Your characters aren't just characters; they're roles. Creating challenging roles will strengthen your screenplay and also increase your chances of getting an A-list actor attached (which can help enormously in getting your project read and getting your project off the ground).
I usually look for interviews with screenwriters, but lately I've been noticing that actors have been (inadvertently) offering some great insight for writers in explaining why and how they pick roles. Certainly different stars have different career goals and agendas, but I think the overriding theme - from the following two interviews, at least - is that actors want to be challenged by characters who are both unique and exhaustively fleshed out.
On Tuesday, July 24, Matthew McConaughey appeared on The Daily Show to promote his movie KILLER JOE. Around 18:20 in the interview, he explained his current thought process behind choosing his roles: "The scripts I was getting about two years ago, everything I read, I was like 'Okay, I've done a version of that before,' or, things that I read that were new, I was like, 'you know what, I could do that tomorrow.' And that's not a bad thing, but hang on a second, let's go back, work on the family, make some other things stick, and take the time away until I get something that sort of arrests me a little, scares me a little bit. And these five independents kinda came back to back to back, and all the roles were very different. They were all characters that really don't pander or placate to anybody's rules but their own. They were very singular-willed characters that I was a little bit scared of - but I was excited to say, 'I'm gonna dive in and come out the other side and figure out who that guy is. And they were all with great directors who have very strong points of view. None of these directors were gonna say, 'Well, let's bring it back to convention, let's play it safer.'"
Jessica Biel also gave some insight about choosing roles at Comic-Con, where she discussed her role in TOTAL RECALL:
"If Len [Wiseman] didn’t care about a female character that was equally smart, cool, tough, kick-ass and emotionally vulnerable, emotionally sensitive and actually a woman, a real person, then you’re dead in the water. Because he, in the end, is the only person who has the ability to put it all together, and on this one particularly, he cared about letting this person be this well-rounded and real -- in a heightened sense, but a real woman."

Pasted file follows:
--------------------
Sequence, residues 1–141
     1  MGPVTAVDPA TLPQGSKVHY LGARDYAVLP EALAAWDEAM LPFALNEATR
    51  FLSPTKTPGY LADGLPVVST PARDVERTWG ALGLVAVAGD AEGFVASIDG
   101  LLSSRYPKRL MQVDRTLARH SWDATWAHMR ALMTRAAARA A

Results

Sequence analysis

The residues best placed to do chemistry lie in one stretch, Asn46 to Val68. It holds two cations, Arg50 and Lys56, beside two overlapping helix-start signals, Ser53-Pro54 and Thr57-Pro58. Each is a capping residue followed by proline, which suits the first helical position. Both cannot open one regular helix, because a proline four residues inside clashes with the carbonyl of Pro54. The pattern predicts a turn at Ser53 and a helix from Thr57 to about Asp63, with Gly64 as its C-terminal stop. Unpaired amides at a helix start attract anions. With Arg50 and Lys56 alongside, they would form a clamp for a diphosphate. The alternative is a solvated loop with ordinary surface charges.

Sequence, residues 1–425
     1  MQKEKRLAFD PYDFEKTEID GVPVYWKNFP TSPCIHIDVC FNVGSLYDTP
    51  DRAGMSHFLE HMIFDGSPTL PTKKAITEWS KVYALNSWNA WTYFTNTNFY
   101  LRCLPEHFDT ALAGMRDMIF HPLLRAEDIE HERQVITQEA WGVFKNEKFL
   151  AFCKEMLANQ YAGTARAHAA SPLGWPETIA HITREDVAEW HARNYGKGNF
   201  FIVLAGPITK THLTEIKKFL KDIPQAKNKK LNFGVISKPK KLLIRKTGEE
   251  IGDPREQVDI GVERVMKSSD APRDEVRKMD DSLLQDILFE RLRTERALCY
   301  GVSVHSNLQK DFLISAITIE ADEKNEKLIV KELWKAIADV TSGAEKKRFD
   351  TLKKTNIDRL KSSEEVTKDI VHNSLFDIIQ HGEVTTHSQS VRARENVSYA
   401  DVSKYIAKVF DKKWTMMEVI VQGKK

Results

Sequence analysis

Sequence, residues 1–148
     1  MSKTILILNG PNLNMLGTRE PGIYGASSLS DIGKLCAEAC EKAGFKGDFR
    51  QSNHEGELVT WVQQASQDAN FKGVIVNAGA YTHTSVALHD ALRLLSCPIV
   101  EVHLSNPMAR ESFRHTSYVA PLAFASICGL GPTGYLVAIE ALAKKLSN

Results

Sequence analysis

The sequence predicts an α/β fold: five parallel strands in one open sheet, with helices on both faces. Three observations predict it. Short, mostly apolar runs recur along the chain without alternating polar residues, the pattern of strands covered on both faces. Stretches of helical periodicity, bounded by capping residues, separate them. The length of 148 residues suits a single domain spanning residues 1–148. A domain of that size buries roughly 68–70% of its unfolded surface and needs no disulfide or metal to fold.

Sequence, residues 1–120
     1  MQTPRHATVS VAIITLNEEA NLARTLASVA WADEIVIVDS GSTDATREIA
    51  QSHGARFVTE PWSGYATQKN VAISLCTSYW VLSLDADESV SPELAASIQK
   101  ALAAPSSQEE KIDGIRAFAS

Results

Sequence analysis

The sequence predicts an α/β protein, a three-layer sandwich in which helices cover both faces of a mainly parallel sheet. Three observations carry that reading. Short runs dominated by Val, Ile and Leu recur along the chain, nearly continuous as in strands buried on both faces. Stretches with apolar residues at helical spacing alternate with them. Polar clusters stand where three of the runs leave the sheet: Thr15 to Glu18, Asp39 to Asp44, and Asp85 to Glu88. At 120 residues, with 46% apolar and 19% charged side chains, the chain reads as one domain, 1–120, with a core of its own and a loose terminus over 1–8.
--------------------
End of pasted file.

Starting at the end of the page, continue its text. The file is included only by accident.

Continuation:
The Hollywood Reporter: How tough is it to find genre or nongenre movies that you feel like offer you a well-rounded character to play? Is it a matter of you simply transforming whatever you take on to make it challenging, or does it need to be on the page from the get-go?
Biel: "No, it’s always a concern because if it’s not on the page, it’s a real question mark. The movie is made on the writing, the movie is made on the set, and the movie is made on the editing table -- you can do whatever you want emotionally onscreen, and then someone can just cut it up and chop it up. So the best possible way to start something feeling confident that you will have a well-rounded experience is for it to just be there, if possible, on the page. Because I’m not interested if something is a surface thing; unless I’m passionate about it for some other reason, I’m not moved by it. And I want to be moved. I feel like I can’t be moved unless I believe that this person really exists and the arc makes sense and where they go is interesting. But if it’s a really well-thought-out person, that’s what is exciting."
The Hollywood Reporter: Is there any difference for you between taking on big movies like Total Recall and smaller ones? Kristen Stewart recently said she learned through the process of making Twilight that you don’t necessarily have to take an independent project to be able to feel passionate or develop something independently. Has that gap narrowed to where it’s no longer like, “There’s my Sundance movie, and there’s my summer movie"?
Biel: "Yeah, I think it has narrowed a bit. It really does depend on who your director is. There are some people who are able to do both really well, and they are some people who just don’t, and sometimes you find yourself in an experience where you feel like you do need to go do your independent Sundance movie. But I do feel like the maybe the gap has closed a little bit. I think that’s also because the audience requires a thought-out situation. It’s not just like, 'Oh, I can just watch a bunch of action and not a real plot and no real character.' It just doesn’t work like that."